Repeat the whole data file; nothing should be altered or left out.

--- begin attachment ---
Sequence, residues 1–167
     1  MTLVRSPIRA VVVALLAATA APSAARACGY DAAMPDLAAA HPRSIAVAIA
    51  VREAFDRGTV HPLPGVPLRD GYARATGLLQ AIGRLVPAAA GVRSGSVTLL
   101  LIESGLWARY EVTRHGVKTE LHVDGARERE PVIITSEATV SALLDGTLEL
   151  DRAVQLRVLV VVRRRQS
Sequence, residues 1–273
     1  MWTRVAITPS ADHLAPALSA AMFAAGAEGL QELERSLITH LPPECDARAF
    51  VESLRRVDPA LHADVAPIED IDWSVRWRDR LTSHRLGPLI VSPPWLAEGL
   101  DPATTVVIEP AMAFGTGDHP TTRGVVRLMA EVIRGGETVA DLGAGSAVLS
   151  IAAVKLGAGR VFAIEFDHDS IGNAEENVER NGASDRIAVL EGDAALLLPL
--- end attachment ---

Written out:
Sequence, residues 1–167
     1  MTLVRSPIRA VVVALLAATA APSAARACGY DAAMPDLAAA HPRSIAVAIA
    51  VREAFDRGTV HPLPGVPLRD GYARATGLLQ AIGRLVPAAA GVRSGSVTLL
   101  LIESGLWARY EVTRHGVKTE LHVDGARERE PVIITSEATV SALLDGTLEL
   151  DRAVQLRVLV VVRRRQS
Sequence, residues 1–273
     1  MWTRVAITPS ADHLAPALSA AMFAAGAEGL QELERSLITH LPPECDARAF
    51  VESLRRVDPA LHADVAPIED IDWSVRWRDR LTSHRLGPLI VSPPWLAEGL
   101  DPATTVVIEP AMAFGTGDHP TTRGVVRLMA EVIRGGETVA DLGAGSAVLS
   151  IAAVKLGAGR VFAIEFDHDS IGNAEENVER NGASDRIAVL EGDAALLLPL